When it comes to the Caribbean side of Panama, most people tend to spend a few days there. The usual suspects are the Bocas Del Toro region and the stunning San Blas islands. Now, these are great choices but I’m from the Caribbean, I found them a bit expensive and seemed like a lot of effort. Instead, I chose the Portobelo day tour for a pleasant mix of beach time and some of Panama’s Spanish history.
Cost: 80 USD
I thought it was a bit difficult to find affordable day trips in Panama, especially as a solo traveller. Of all the operators that I contacted, Panama Road Trips was able to meet my budget.
First Stop – Isla Mamey
The tour involved a 7 a.m. Panama City hotel pick-up with light refreshments and snorkel gear provided. Since Isla Mamey is not developed and has no items for sale we stopped along the way to pick up our own supplies. About 2 hours later we boarded a small boat at a colourful little fishing village, Puerto Lindo. One thing that I noticed, a lot of the landscape and buildings in this area look a lot like that of my home country.
After a 10-minute boat ride on the somewhat choppy ocean, we arrived on the uninhabited Isla Mamey. This tour involves snorkelling but because sea conditions prevented this. The very tiny Isla Mamey has no facilities, restrooms are Porta-Potties. On weekends, the island is’s filled with locals and during the week you have the place pretty much all to yourself. There was a total of 7 people there during my weekday trip.
To be honest, I didn’t think this beach would fare well against other Caribbean beaches. I was actually quite impressed with Isla Mamey. The island provided breathtaking views of Pristine blue water, surf breaking in the distance and foliage. The bathing area is a little small, but this is irrelevant once the island isn’t crowded.
Second Stop – Fort San Jeronimo, Portobelo
After a few hours, it was back to the mainland for the fortifications in Portobelo and then back to Panama City. During Spanish rule, Incan riches were transported across the isthmus of Panama. Destined for Spain, these riches moved from the Pacific coast to the Atlantic coast.
As a result, Panama was often attacked by pirates such as Sir Henry Morgan. Fort San Jeronimo was strategically built in Portobelo to protect against these threats. There’s something captivating about standing where battles were once fought. It’s easy to imagine ships like the Black Pearl sailing into the port to pillage and plunder
Today, much of the fortifications are still in good condition. Though many in the surrounding hills succumbed to attacks and are in ruins.
Ever heard of the Embera people? Before this trip, I hadn’t. Approximately 12% of Panama’s population comprises of Indigenous people. It involves going into the jungle, so you need to use a tour company. Again, I had some difficulty finding a day tour with space and a price that I could afford as a solo traveller. This tour isn’t as popular when compared to San Blas for example, but Panama Unlimited Travel was able to include me in a group tour. There’s also an overnight camping in the village option.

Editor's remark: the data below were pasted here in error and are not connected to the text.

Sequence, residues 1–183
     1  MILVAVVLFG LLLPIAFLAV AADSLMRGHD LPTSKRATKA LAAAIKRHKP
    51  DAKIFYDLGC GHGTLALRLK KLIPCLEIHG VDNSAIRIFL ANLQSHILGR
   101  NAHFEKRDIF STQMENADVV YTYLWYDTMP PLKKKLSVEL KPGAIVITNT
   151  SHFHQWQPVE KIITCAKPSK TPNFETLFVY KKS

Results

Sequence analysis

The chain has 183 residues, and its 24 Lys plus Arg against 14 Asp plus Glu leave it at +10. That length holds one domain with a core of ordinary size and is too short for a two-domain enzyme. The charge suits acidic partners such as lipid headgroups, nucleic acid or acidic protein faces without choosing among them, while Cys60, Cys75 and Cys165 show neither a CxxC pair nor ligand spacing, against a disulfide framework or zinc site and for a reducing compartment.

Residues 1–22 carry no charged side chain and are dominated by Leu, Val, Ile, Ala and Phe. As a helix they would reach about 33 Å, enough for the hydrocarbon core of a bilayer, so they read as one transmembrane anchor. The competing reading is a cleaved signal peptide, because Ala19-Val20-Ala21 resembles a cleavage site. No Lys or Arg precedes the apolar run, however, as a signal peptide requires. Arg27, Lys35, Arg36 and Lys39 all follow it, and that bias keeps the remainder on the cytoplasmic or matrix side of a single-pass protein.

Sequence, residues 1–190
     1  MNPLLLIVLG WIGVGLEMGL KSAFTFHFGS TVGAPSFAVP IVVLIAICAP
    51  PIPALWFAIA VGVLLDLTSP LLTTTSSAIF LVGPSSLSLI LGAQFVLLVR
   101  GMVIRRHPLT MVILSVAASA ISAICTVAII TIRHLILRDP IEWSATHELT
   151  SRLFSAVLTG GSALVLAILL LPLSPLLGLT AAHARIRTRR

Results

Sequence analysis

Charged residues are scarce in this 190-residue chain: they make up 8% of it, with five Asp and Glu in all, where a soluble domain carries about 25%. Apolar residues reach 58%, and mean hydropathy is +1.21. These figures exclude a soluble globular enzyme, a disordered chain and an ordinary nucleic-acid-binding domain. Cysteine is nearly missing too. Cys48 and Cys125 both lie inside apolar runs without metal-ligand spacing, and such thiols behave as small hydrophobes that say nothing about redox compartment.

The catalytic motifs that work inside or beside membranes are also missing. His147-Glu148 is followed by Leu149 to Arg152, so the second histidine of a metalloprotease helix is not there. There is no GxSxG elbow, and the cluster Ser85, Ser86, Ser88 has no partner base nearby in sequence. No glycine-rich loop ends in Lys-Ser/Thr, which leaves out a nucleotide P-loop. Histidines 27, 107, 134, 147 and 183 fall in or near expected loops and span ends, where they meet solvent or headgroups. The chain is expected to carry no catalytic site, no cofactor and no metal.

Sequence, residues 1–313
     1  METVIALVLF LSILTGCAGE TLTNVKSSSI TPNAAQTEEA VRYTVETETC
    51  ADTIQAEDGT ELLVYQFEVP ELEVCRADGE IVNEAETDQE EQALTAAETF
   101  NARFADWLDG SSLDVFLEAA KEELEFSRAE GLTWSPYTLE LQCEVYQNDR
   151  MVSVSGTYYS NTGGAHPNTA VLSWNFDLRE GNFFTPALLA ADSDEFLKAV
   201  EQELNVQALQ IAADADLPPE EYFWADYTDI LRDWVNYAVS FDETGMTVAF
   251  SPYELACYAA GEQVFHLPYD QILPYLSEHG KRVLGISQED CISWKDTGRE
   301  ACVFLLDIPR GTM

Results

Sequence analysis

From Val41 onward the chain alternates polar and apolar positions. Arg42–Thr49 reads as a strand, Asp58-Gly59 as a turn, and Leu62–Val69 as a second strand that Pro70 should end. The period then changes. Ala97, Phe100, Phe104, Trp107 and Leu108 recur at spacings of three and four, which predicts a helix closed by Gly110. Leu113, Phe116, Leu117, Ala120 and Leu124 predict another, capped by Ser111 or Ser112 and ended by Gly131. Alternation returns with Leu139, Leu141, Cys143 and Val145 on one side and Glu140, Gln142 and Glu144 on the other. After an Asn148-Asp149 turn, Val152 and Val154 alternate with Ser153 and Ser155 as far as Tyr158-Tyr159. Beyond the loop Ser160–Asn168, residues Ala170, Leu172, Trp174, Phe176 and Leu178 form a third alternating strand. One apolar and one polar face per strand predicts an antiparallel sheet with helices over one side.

The tour begins with hotel pick up and you are then taken to Chagres National Park. Here, you’re greeted by members of the Embera tribe and then set sail along the Chagres River (part of the Canal’s water system) in a dugout canoe. Some parts of this river are actually so shallow you can walk through, but this depends on the time of year.
Our first stop, we did a 10 minute hike into the jungle to a small waterfall where we were able to go swimming.
The next stop was the Embera Village. Upon arrival, the Embera people greeted us is a display of traditional music. Entering the village area it was like taking a step back in time. No phones, no television, no cars, just people living in a community of huts. If you’re curious about the bathroom situation, well this village had regular toilets for visitors, others may have an outhouse.
It was quite refreshing to see the kids play with each other rather than iPads and other devices.
Part of the tour includes, a few members of the tribe explaining details of their way of life. For example the children attend a school within the village courtesy the Panamanian Government. They explained that the women’s clothes are more intricate and hence more costly.
Also, the materials and sources for dyes used in weaving crafts come from plants in the jungle surrounding the village. These narratives were in Spanish and but the English translation was not very good. There were things that I understood in Spanish that was not translated into English.
We were also served a traditional lunch of fish (chicken in my case because I despise seafood) and patacones (fried plantains).
After lunch, the Embera people treated us to some of their musical talent and displays of dance. For some videos, see my Facebook page.
As with any tour of this type, you might want some souvenirs. The Embera people showcase of their beautiful arts and crafts for purchase.
Cost: 115 USD
What do you think about these tours? Would you do it? For more photos and video, check out my Facebook page.
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